Shutter Hub member, Venetia Menzies, is a photographer and journalist who seeks to reveal a mosaic of human realities, all components of our globalised and diverse world.
Venetia has recently exhibited with us in the Shutter Hub OPEN 2018 in both London and Amsterdam. Her projects focus on the lived experience of globalisation on livelihoods, religions, geographies and cultures. Often relying on collaborative methods, her work places the human story at the epicentre.
Graduating from University College London with a 1st class degree in Economics, she was later awarded the Stationer’s Foundation Scholarship to pursue a Masters in Documentary Photography and Photojournalism at the University of Westminster, afterwards being commended as BBC Visual Journalist of the Year 2018.
Venetia runs photographic storytelling workshops with marginalised communities in London, working with organisations such as The British Library and Octavia Foundation and the British Red Cross (who are recipients of the Camera Amnesty), where she works with a group of fifteen asylum seekers, many of which are destitute.
Here, Venetia gives us an insight into her documentary project, 21st Century Bedouin.
21st Century Bedouin is a documentary project that explores how nomadic life in Algeria has been radically transformed over the past century, through events such as French colonisation, civil war and mass urban migration. The project examines this change through the lens of an individual family, whose story is told by its youngest member, the 21st Century Bedouin. Beginning in 1890s with his grandmother’s story, we find each generation experiences a common theme: migration. As the 21st Century Bedouin is unable to return home, the photographer revisits each place the family called home, returning with photographs from a time and country of his memory. The photographs display the protagonists handwriting, inscribed around each picture, annotating the events that took place at each site. These site-specific descriptions are translated from Arabic to English, mirroring the dual realities experienced by the 21st Century Bedouin.
As migration today is such a polemic issue, 21st Century Bedouin provokes us to remember its perpetual history, its presence everywhere in nature, and its necessity for our survival throughout the human story.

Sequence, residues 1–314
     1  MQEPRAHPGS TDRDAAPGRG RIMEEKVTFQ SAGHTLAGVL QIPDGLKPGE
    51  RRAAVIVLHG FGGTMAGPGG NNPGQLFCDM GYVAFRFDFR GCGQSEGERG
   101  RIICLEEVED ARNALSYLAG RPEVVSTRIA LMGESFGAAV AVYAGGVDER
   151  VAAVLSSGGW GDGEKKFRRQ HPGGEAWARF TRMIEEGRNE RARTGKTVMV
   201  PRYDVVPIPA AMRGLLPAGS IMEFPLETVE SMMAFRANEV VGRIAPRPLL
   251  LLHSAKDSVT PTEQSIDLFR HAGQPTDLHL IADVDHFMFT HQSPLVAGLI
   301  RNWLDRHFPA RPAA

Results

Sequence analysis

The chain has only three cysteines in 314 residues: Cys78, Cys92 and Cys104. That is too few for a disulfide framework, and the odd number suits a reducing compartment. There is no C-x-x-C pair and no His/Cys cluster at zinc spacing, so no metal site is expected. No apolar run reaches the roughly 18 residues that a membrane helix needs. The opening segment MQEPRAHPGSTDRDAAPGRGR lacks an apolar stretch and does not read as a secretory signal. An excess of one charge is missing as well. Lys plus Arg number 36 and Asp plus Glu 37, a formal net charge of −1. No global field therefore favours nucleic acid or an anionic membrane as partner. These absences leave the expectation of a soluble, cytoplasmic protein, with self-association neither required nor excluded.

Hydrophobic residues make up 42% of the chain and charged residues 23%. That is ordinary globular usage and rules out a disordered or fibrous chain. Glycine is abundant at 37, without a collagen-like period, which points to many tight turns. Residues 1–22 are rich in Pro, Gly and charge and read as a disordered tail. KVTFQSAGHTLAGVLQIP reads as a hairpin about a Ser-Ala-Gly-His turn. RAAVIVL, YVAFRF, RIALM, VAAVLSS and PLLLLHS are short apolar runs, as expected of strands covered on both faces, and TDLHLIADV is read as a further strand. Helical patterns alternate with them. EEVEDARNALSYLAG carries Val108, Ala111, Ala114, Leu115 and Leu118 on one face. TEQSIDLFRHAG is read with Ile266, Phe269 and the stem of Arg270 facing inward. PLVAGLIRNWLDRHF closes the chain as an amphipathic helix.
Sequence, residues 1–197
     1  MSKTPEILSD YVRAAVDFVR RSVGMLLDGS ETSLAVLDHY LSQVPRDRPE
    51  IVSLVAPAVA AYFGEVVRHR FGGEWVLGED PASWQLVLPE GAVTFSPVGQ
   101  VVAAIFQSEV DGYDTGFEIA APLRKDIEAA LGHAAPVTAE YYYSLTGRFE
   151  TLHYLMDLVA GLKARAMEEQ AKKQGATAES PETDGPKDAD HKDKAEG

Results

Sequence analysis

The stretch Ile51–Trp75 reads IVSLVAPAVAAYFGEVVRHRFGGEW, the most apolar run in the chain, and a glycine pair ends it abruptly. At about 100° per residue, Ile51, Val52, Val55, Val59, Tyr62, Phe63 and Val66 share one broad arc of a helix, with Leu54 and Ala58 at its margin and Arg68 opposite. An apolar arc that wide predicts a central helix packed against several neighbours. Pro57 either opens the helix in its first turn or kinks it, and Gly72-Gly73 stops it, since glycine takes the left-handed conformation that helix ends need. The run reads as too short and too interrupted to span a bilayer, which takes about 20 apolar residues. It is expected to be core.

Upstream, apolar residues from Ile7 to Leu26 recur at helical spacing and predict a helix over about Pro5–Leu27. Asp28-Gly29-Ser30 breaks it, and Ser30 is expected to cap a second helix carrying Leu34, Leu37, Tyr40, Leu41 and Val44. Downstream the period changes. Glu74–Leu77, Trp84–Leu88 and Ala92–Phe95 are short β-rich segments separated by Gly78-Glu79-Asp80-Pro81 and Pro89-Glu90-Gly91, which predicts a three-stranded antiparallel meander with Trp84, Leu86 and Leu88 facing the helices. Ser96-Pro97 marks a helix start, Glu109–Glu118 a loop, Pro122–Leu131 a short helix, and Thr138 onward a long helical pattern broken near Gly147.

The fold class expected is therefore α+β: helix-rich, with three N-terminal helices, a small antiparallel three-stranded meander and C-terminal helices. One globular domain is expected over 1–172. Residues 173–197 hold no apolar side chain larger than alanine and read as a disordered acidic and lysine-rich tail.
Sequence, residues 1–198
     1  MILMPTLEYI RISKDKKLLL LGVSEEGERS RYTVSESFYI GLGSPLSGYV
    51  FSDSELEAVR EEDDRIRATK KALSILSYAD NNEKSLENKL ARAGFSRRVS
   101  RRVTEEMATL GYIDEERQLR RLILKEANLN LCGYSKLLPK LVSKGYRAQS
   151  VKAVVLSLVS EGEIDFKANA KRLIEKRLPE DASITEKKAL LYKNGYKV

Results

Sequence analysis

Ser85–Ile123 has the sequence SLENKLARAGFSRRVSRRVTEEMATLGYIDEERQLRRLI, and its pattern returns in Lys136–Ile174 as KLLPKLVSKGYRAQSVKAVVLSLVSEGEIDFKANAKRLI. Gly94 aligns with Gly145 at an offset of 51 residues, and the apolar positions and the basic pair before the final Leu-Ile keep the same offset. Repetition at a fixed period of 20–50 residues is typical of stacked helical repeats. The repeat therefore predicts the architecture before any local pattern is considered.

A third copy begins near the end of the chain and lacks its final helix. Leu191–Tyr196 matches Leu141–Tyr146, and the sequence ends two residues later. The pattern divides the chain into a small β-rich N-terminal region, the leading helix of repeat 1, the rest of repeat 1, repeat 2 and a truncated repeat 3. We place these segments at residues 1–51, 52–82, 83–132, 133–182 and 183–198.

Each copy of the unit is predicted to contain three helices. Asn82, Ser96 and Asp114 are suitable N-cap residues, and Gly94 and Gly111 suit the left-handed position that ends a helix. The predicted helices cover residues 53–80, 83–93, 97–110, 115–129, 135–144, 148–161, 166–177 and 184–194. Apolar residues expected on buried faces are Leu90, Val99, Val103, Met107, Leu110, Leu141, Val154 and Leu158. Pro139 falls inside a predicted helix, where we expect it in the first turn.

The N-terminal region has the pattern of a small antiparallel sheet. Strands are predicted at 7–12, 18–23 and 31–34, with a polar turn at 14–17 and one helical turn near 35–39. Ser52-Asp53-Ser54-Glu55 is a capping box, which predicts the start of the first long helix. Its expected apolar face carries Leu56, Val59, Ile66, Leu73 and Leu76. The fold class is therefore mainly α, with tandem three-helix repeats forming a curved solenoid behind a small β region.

The series has another aim, as it seeks to give a crystalized political history of Algeria. As the atrocities committed in French Algeria are largely written out from the pages of history, and as the violence of the civil war left a legacy of confusion and double-truths, little is known in the West of Algeria’s history. By presenting a political history as experienced by an individual family, the series does not seek to present a singular history of the country, but to offer an insight into how one family who had little interest in politics had their lives turbulently transformed by political events.
The series has been hugely successful, being shortlisted for the prestigious Contemporary African Photography Prize, the PhotogrVphy Grant, the Royal Photographic Society’s annual exhibition, as well as receiving an Honorary Mention from Getty Reportage and winning the Maghreb Photography Awards in 2018. The piece has subsequently been exhibited in London and Morocco, and is seeking to be exhibited across the UK, France and North Africa in the new year.
This collaborative body of work builds on the photographer’s interest in blurring the lines between photographer and subject, requesting instead that those at the center of the story join the artist in presenting a narrative. This series, along with the photographers collaborative work ‘Soo Dhawoow’ and her newest project ‘The Mirror Man Named [Redacted]’ led the photographer to be commended as BBC Visual Journalist of the Year in 2018.
Marginalised individuals are segregated from wider society not just physically, but through laws, policies, social hierarchies and emotions like fear, hate and indifference. When the powerless are forcibly swallowed by dominant regimes, psychosis is pervasive. To elude the panoptic regime, the powerless manifest a distinctive space of existence from the ‘terrain imposed’, a temporal imaginative space in which they are in control.
It is an ambitious hope of mine as facilitator, that photography’s ability to act as therapy may improve my collaborator’s sense of autonomy and self-esteem. Photography is a physical and cognitively active process that involves reconstructing a story, freeing it from static form. The tangibility of a photograph presents an experience in tactile form, which serves to attest to its value and reality. Participatory methods of photography, therefore, can offer a chance for marginalised individuals to reclaim the role as narrator of their story, which is so often hijacked by those with greater social power.
See Venetia’s Shutter Hub portfolio here, to find out more about her work.
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